Often enough whenever we encounter the blinding high beams of an oncoming vehicle, we want to punch the driver in the face. It’s a common feeling among all drivers, particularly those who frequently take to the road first thing in the morning or at night. During the winters it just gets worse with fewer daylight hours and drivers having to keep their headlights on most of the time. Advanced technology on modern cars has introduced superior lighting power even to the average family car. Although it feels great to drive your car with super powerful lights, you put drivers of oncoming vehicles at risk. Ultra powerful lights have a blinding effect on them.
Eye experts would tell you the adverse effects of these piercing light beams. They actually impair the vision of an increasing number of oncoming drivers while in traffic. Age too causes the lens and cornea of the eye to become misty whenever bright light passes through them. The phenomenon is called ‘disability glare’. Studies reveal that it can take up to 10 seconds to recover from this condition. Police data reveals that accident investigators report ‘dazzling headlamps’ as an influence in 10 fatal crashes, almost 70 serious accidents and over 250 other accidents. The statistics are alarming.
As a preventive measure, one could use special clear glasses with a coating on the lens to absorb ultraviolet light and prevent glare during night driving, even if they don’t need prescription lenses. Another precaution is to keep the windshield clean from the inside and outside. Dirt causes light to refract affecting your vision. Lastly, it helps to ensure that your car headlights are correctly adjusted and the bulbs aren’t aged with use. It’s also important that you get your eyes tested at least once in two years.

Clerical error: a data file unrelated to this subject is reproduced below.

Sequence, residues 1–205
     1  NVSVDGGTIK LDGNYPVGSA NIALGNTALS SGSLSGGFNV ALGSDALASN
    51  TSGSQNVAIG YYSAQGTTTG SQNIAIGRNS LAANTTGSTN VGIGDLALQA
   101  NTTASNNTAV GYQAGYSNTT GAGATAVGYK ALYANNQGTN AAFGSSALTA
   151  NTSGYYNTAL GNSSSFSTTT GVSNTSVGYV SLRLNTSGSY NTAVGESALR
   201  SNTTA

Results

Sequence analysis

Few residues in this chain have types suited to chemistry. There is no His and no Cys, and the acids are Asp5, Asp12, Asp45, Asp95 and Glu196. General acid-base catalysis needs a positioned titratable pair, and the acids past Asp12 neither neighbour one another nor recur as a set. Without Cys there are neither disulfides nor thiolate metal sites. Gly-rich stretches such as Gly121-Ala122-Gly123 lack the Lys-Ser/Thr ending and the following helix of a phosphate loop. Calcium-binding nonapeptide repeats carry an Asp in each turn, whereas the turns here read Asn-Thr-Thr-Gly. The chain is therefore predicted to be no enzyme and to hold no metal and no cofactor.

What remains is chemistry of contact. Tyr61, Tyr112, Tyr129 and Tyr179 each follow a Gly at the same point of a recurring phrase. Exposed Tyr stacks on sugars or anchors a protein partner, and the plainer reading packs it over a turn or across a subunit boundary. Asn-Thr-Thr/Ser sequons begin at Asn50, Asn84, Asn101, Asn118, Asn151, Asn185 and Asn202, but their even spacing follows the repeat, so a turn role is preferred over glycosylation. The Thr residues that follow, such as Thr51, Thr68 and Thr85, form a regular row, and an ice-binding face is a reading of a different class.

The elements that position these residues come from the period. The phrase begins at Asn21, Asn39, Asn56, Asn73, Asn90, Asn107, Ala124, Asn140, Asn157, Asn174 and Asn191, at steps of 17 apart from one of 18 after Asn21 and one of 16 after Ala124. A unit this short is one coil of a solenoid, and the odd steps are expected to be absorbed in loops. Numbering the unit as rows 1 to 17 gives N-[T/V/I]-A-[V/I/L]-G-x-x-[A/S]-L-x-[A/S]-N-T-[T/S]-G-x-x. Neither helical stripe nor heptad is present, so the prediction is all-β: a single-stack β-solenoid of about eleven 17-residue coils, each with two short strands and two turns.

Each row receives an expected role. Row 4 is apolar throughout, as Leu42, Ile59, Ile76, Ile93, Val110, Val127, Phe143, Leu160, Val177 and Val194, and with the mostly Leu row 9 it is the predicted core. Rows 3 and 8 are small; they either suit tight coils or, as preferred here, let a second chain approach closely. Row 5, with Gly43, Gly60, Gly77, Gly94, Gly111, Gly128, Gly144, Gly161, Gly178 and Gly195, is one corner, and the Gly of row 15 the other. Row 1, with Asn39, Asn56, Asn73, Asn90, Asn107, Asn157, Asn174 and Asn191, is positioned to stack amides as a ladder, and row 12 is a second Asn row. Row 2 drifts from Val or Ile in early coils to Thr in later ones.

Looking at what car manufacturers are doing, Ford is making significant efforts to make its latest family cars safer for owners and oncoming drivers alike. In their latest models, they have introduced the Glare-Free High beam that adjusts the light beam angle and intensity to one of seven settings according to speed, ambient light, steering angle, distance to the vehicle in front and windshield wiper activation. Others too are developing similar features. BMW first introduced Xenon, or high-intensity discharge (HID) lights to its 7 Series, something widely praised by users at the time for brightness and the associated reduction in driver fatigue. Light-emitting diodes (LEDs) were first fitted to the Audi A8 luxury saloon in 2004. Most modern cars now feature LEDs because they use less power than Xenon units, being compact they give greater freedom for styling body parts and they produce bright light. The other advantages are that you can manipulate the lights to adjust the pattern of the full beam to allow for oncoming traffic or pedestrians. They also last longer than any other form of light. High-intensity laser diodes fitted to the Audi R8 sports car light the road ahead when the driver selects the main beam pattern. Although lasers may offer twice the range of even the brightest LED bulbs, the diodes create a bright blue light that is damaging to the human eye. It needs to be filtered by phosphor converters to make it harmless. Audi hopes to combine laser lights with driver aids.